It’s often said that we do our best work when we remove barriers around us. If you want to create a world without limits for your child, then trying to keep a distance when they are taking part in sports or events is a positive step. This will allow them to get in the zone and show off their true personality and skills. In turn, this helps children become more creative in their approach and style.
Improves decision-making skills
When you’re forced to make a decision for yourself, it builds self-confidence and decision-making skills. As tempting as it might be to make decisions on your child’s behalf, by keeping a respectful distance, you are empowering them to achieve success on their own terms, and that’s an important lesson to learn.
Kids love to have fun, and the best way to promote this is by giving them a healthy amount of space. Children enjoy themselves more and in turn have more fun, when they are able to get on with things on their own. It helps build their interpersonal skills and social skills too.
Think of the immense sense of achievement and satisfaction when you know that you achieved something on your own. Something without the interference of other external forces, or help from anyone else. When children reach pre-school age we start to see signs of independence coming through. This is nature’s own way of telling us to back off! From developing problem solving skills to mastering new ways of working, this is one of the happy by-products of spectator silence. As a parent, this is also highly rewarding too.
One of the best ways to boost your child’s self-confidence is to empower them to make decisions on their own. By taking a stand back, their sense of worth and confidence grows, as they learn to realise that they can accomplish feats without the help from others.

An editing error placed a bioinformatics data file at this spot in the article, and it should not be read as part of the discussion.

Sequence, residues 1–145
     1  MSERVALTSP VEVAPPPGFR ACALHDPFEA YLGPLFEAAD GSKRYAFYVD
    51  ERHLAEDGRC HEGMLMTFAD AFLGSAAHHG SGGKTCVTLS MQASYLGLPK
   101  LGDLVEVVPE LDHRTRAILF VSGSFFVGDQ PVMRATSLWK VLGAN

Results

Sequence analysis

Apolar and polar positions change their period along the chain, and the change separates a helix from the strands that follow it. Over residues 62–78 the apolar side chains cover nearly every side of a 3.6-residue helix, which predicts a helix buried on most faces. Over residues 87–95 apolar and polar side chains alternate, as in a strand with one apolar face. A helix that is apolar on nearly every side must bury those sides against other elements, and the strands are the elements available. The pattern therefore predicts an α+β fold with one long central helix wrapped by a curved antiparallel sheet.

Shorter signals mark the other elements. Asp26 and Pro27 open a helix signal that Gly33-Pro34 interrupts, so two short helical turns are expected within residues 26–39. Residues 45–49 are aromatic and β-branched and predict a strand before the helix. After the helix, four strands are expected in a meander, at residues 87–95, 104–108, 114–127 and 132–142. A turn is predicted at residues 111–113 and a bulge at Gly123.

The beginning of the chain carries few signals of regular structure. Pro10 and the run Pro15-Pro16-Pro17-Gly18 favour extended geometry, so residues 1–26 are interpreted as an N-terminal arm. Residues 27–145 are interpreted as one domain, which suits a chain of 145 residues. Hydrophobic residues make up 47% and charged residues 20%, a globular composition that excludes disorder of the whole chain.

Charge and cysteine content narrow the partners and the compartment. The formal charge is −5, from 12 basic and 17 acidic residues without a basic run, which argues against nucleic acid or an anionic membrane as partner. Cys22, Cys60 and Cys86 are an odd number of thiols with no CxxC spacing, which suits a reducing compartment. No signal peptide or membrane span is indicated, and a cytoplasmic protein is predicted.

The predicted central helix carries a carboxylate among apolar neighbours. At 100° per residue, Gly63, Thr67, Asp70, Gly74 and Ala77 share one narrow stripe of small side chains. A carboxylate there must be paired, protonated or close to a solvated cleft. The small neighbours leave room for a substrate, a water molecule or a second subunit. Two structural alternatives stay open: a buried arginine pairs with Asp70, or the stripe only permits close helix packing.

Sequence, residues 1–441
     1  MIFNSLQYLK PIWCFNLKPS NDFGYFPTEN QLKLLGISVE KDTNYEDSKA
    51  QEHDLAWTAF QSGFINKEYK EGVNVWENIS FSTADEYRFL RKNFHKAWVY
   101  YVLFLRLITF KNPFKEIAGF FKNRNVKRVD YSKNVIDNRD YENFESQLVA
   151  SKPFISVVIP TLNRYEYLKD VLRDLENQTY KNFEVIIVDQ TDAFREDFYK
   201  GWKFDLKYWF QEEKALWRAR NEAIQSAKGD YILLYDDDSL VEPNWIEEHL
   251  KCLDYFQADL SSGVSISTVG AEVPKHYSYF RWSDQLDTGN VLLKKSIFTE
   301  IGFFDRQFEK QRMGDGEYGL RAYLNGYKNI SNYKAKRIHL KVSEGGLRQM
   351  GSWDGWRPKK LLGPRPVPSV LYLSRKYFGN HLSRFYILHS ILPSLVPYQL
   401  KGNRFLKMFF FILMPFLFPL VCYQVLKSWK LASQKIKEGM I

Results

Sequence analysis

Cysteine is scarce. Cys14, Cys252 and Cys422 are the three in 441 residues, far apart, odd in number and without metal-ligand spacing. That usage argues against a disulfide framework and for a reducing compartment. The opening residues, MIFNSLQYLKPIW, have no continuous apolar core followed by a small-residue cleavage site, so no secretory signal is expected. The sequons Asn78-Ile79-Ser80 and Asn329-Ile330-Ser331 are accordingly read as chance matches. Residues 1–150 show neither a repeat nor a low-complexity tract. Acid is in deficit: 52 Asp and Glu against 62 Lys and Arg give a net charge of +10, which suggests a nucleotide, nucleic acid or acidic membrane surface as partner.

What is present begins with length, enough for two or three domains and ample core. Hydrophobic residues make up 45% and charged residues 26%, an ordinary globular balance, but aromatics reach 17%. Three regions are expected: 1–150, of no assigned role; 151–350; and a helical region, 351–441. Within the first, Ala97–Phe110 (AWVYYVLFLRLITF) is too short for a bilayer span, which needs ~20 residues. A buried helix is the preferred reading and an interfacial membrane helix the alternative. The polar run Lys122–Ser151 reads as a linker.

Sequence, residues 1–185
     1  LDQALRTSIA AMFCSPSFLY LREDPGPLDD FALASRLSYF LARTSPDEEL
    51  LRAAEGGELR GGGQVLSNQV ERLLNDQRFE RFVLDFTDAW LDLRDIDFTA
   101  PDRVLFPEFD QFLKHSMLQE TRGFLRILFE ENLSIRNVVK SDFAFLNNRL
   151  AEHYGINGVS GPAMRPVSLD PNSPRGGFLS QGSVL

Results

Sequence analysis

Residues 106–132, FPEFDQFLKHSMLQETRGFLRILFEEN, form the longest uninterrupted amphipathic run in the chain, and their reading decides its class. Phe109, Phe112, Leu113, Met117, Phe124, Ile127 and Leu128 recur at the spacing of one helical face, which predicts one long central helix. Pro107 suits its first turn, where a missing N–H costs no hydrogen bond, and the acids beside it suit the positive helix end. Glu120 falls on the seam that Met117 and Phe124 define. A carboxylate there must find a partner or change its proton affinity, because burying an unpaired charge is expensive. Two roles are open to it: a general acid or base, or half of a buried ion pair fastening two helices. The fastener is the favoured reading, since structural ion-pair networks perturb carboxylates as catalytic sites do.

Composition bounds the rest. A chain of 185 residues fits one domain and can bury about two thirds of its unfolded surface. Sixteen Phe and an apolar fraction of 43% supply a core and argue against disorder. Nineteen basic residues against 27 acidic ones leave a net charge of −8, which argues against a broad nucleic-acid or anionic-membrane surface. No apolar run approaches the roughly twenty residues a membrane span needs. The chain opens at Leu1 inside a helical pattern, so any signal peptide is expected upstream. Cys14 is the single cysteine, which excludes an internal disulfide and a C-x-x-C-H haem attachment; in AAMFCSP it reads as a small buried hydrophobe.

We’ve talked a lot about problem solving skills. This is massively important to equip children with the right skills to tackle the many challenges they will face in life. If there’s one way that being a silent spectator can help, it’s by allowing children to deal with difficulties on their own. This in turn builds their confidence and sense of self-worth.
Improves coach-athlete relationships
As a sports coach, it’s important to have a fluid relationship with your athlete. This is best achieved when outside influences are removed. Allow your child the opportunity to develop personal relationships by taking a respectful stand back. Your child and sports coach will thank you for it.
Encourages risk taking
Risk-taking might not sound like something you want to encourage. However, you want to equip your child with the ability to know the difference between the right risks to take, and those not to. Wrapping your child up in cotton wool and being there to protect them at all times can be more of a hindrance than a help in the long-term.
So, give them the space they need to make mistakes, take risks and see which ones pay off so that they can learn for the future.
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Related Articles from Sport Resilience:
- On Being A Good Team Player
- How To Talk To Children About Sport?
- Should You Coach Your Own Child?
- Tips For “Game Day”